Time wrong after power cut - how to fix?

I live in a rural area (overhead power cables) and suffer the occasional power cut in bad weather. Often when the power returns, OSMC displays the wrong time.
I believe this is because my Pi3 boots and checks NTP time before the router has had time to establish a fully functioning Broadband connection.
This raises a couple of questions;
(1) Is NTP queried periodically? If so, how often?
(2) If not (1) then what can I do to sync time once my broadband connection is fully functioning?
Thank you.

Simplest answer to (1) is wait and see :wink:
Simplest answer to (2) is re-boot the Pi.
You could also try ‘wait for network’ in the MyOSMC network setup.

There are also some cheap real-time clock modules available for the Pi.

@grahamh, thanks for the reply.
We notice the wrong time quite a few hours after a cut so either it does not update periodically or the date/time is too far out. I think there is a limit to the difference that will be corrected but not sure.
A re-boot is what I am trying to avoid. I do that at the moment but lazy or in a hurry.
Unfortunately ‘wait for network’ will not work as the router brings up the CAT5 switch a long time before a fully functioning Broadband connection is established.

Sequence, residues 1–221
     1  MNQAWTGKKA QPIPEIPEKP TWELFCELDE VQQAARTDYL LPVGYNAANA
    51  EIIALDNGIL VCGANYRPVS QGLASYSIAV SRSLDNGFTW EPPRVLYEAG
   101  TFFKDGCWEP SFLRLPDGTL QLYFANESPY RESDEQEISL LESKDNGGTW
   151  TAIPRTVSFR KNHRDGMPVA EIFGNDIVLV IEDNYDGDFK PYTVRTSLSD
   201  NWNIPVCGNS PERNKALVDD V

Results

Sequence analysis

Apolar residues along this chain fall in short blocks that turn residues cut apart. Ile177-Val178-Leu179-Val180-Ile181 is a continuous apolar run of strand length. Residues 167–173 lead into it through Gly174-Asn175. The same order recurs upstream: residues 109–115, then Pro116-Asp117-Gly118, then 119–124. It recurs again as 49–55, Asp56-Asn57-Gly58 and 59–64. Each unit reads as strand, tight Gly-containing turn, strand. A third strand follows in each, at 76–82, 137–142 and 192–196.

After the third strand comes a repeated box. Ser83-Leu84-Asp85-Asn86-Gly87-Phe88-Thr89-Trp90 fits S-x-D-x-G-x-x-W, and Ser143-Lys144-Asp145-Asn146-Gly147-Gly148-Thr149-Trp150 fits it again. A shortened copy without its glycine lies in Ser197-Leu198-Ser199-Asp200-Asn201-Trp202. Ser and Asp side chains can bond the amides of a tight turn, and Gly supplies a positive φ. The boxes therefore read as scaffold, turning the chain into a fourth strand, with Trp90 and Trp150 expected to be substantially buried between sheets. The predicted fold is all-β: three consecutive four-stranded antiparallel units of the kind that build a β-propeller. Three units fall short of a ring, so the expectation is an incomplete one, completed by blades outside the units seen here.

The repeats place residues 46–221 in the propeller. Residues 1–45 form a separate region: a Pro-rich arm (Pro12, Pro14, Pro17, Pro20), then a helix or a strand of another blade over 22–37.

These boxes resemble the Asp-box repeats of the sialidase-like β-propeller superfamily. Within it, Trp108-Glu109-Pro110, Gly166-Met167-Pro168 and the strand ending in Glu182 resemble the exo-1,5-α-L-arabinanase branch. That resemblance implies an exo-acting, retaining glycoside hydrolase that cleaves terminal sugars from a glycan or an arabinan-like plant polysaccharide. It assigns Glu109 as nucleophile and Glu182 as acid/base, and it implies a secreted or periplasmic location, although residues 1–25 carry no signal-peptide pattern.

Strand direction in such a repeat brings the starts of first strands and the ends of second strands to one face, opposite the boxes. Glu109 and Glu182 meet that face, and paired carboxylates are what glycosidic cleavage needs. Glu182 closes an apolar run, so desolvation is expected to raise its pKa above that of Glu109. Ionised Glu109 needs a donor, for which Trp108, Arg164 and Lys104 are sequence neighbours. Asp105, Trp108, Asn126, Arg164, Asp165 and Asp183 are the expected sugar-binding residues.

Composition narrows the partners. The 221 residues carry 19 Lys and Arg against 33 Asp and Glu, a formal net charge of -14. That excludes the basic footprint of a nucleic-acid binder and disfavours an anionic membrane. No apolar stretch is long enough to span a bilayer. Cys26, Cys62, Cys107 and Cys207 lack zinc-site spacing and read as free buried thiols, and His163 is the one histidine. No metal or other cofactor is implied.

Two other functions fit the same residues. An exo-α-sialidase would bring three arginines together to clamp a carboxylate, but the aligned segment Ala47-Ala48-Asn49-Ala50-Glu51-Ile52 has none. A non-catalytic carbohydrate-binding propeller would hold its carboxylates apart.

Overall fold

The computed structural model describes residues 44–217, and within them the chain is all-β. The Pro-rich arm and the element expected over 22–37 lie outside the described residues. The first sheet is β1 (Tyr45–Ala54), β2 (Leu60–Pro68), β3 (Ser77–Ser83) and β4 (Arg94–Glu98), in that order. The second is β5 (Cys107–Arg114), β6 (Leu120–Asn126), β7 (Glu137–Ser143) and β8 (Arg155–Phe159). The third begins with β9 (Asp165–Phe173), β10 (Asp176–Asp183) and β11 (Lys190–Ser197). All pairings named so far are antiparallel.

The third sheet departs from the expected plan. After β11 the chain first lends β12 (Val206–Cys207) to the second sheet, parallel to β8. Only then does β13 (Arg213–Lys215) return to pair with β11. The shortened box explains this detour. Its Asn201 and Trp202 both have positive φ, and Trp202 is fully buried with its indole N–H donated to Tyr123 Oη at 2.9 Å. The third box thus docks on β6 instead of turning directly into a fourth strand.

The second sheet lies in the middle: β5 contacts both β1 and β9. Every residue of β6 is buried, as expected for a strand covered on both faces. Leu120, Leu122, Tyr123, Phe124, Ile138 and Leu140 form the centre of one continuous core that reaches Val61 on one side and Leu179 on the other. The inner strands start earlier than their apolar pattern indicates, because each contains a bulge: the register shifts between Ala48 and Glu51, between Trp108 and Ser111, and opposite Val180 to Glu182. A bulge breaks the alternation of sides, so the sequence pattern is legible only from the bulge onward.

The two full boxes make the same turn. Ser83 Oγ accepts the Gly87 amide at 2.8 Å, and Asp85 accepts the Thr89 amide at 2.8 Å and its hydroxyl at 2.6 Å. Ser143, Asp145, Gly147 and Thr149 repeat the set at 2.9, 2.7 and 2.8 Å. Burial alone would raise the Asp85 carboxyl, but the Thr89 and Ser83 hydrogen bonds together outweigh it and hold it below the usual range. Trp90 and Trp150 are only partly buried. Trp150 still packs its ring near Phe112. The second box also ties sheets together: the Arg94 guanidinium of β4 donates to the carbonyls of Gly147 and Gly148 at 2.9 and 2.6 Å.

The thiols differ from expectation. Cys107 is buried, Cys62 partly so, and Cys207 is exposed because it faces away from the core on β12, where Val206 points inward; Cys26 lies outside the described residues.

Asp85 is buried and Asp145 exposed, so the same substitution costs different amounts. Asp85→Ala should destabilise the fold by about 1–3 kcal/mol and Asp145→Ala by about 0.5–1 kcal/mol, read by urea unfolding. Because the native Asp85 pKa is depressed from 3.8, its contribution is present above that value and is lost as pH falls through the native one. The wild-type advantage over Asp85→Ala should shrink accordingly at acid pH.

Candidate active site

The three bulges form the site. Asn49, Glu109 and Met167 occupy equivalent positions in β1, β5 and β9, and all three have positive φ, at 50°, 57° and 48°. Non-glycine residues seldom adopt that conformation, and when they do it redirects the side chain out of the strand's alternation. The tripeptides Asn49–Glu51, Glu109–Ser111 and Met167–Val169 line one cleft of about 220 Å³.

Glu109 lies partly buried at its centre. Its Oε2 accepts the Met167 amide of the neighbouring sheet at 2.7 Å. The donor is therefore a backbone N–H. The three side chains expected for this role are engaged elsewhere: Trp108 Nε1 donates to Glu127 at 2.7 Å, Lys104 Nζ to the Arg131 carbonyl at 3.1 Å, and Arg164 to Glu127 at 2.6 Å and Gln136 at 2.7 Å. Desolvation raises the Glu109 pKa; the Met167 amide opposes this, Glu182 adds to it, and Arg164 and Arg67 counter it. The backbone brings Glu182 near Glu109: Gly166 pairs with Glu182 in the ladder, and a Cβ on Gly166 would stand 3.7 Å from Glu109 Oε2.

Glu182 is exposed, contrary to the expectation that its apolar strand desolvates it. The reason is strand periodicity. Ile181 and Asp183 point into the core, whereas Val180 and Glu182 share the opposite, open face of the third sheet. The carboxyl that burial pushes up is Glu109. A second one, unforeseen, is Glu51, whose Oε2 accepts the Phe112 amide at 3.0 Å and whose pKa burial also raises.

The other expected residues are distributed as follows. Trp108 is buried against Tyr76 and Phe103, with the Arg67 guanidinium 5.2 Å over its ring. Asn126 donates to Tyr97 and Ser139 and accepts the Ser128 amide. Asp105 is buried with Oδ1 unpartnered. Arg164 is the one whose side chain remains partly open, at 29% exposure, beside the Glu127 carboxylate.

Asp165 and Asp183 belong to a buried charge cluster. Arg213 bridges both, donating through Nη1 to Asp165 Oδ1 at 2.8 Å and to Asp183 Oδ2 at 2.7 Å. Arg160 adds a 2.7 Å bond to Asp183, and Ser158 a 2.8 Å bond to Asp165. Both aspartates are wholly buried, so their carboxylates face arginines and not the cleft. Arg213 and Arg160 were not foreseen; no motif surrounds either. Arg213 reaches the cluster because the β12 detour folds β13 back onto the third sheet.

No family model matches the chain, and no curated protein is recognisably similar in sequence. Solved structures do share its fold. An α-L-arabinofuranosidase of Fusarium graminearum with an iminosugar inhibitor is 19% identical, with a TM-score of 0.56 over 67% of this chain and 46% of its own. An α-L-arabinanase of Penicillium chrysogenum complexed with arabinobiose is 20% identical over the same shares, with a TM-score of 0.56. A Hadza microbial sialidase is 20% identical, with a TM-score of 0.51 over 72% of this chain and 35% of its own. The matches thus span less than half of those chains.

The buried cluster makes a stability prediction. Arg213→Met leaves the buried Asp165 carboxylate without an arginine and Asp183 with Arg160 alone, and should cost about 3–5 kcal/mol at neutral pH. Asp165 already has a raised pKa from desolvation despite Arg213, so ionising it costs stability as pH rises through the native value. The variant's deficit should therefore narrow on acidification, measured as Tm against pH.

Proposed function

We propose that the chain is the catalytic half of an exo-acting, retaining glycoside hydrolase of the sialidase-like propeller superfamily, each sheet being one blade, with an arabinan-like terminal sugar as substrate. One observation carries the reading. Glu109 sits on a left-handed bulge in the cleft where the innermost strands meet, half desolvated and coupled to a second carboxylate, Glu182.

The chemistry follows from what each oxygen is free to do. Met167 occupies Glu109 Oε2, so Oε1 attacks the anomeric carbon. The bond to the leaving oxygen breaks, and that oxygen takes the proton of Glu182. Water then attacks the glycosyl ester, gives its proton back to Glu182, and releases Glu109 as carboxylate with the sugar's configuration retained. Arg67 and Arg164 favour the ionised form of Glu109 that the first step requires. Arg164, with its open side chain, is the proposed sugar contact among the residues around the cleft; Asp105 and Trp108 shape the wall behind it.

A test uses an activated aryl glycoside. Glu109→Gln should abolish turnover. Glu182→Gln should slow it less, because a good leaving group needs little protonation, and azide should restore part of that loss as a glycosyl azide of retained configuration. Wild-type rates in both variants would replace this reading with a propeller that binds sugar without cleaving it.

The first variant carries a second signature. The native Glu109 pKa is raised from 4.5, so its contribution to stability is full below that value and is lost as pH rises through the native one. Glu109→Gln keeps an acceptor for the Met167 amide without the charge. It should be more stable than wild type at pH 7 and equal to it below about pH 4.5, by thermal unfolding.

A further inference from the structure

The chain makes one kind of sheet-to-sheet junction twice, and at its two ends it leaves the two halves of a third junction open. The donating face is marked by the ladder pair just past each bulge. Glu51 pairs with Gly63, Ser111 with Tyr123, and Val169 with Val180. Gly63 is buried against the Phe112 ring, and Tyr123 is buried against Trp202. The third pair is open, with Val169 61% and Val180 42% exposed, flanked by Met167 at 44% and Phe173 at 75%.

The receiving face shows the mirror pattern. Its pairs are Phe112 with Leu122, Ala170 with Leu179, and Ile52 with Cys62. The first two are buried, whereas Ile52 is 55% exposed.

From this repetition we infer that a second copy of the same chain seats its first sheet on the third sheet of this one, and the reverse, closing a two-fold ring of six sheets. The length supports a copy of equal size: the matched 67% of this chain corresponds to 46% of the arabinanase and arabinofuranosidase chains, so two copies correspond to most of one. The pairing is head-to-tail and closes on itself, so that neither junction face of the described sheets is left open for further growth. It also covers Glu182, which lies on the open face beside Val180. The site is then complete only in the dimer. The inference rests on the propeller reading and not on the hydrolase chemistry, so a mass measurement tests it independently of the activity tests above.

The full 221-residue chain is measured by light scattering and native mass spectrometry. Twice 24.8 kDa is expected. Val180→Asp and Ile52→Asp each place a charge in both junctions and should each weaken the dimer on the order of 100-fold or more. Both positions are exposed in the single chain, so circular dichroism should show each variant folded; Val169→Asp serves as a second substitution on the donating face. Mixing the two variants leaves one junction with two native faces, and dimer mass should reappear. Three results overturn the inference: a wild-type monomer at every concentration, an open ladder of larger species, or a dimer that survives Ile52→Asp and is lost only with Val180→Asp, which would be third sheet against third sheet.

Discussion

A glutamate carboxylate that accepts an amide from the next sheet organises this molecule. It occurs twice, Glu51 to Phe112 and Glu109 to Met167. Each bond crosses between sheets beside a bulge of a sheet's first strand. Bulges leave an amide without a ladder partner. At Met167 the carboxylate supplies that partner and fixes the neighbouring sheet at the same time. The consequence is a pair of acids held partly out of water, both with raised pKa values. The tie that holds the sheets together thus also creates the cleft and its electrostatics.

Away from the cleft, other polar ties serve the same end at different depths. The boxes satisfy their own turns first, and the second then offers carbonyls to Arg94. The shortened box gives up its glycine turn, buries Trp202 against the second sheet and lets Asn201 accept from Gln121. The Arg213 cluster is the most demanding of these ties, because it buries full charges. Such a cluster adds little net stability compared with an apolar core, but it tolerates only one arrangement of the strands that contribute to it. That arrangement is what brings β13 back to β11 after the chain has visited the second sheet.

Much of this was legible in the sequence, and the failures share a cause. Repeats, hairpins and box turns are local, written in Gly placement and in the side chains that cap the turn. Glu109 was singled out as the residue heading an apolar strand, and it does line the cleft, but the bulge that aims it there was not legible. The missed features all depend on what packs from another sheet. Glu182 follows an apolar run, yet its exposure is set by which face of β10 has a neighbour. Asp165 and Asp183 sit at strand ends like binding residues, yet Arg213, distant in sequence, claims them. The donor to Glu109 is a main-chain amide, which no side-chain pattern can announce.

Interesting question. According to this thread, it used to be a problem with nppd versions < 4.2.4p3 but it seems that OSMC has ntpd version 4.2.6p5, so, if the information is correct, should no longer be an issue.

The thread talks about the use of the dynamic option. You can find some information about that here under para. 18.3, though I’m not clear if it’s supported in the current version of ntpd.

root@osmc:/# systemctl status ntpd
● ntpd.service
   Loaded: not-found (Reason: No such file or directory)
   Active: inactive (dead)
root@osmc:/#

Looks like I am (?we are) not using ntpd. My clock seems to be set by /usr/bin/http-time which waits 60 secs for a connection. Changing this to 600 secs (say) might allow enough time for the ISP to sort itself out.

BTW, @sam_nazarko if I run this script, it times out to 60s even though I do have an internet connection. I don’t have nfsroot in /proc/cmdline (why not ping google et al anyway?) or any output from connmanctl containing ‘online’.